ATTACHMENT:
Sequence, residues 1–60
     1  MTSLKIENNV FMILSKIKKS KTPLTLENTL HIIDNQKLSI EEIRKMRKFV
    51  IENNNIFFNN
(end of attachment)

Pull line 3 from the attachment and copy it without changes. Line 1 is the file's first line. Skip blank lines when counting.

    51  IENNNIFFNN